SCHOOLS IN CRISIS — Kids returning to classrooms this fall are being met by an increasingly dire shortage of staff to support them, whether it be the bus driver, cafeteria workers or substitute teachers, NYT’s Giulia Heyward writes.
VACCINE TALES — More and more parents across the country are signing up their children for vaccine trials in hopes that their kids can get vaccinated even ahead of FDA approval, WSJ’s Jared Hopkins reports.
— Related: “Parenting a child under 12 in the age of delta: ‘It’s like a fire alarm every day,’” by WaPo’s Ariana Eunjung Cha
JAN. 6 AND ITS AFTERMATH
TRACKING TIKTOK — Ahead of the Jan. 6 attacks at the Capitol, domestic extremists used TikTok to “recruit people to their causes, as well as share ‘tactical guidance’ for terrorist and criminal activities.” Betsy Woodruff Swan and Mark Scott report that on April 19, DHS officials briefed law enforcement agencies on the finding.
“The DHS alert shows concern that TikTok — already under scrutiny for possibly sending people’s data to China, accusations the company denies — has become a hotbed of extremist activity and that law enforcement enforcement will have to pay closer attention to a platform more associated with viral dance videos than far-right radicalism.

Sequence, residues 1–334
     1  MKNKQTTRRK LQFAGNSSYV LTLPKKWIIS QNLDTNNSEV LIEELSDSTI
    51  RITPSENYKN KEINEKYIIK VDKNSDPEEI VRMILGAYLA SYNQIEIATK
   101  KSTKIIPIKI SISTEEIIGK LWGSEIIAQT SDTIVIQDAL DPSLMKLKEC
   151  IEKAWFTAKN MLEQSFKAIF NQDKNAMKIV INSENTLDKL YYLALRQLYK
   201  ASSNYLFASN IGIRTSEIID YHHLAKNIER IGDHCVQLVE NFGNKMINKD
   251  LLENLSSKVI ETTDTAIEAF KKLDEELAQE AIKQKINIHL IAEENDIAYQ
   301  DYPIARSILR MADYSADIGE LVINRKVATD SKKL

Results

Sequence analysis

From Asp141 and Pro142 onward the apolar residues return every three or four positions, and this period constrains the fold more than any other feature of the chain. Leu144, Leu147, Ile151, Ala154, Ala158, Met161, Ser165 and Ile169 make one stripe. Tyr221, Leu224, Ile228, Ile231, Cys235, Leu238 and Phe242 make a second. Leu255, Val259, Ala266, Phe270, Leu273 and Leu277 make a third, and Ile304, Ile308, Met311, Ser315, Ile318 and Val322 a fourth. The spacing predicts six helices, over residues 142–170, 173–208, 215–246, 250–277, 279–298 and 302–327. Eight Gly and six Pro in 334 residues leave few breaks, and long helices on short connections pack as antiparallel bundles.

AMERICA AND THE WORLD
ILS NE PASSERONT PAS — “France said Thursday it had killed ADNAN ABU WALID AL-SAHRAWI, the Islamic State leader who led the killing of four U.S. servicemen in Niger in 2017 and was the architect of one of the terrorist outfit’s most successful franchises following the group’s loss of its Middle East territories,” per WSJ’s Benoit Faucon and Joe Parkinson.
BEYOND THE BELTWAY
GUNS IN AMERICA — In a marked change from the past, women accounted for nearly half of new gun sales in the U.S. since 2019, according to a new report. In the period of January 2019 to April 2021, an estimated 3.5 million women became new gun owners, while 4 million men did. “Researchers and gun store owners attributed the jump to fears driven by the Covid-19 pandemic and the protests, sometimes accompanied by violence, that followed the police killing of George Floyd, as well as the divisive atmosphere around the 2020 presidential election,” WSJ’s Zusha Elinson writes.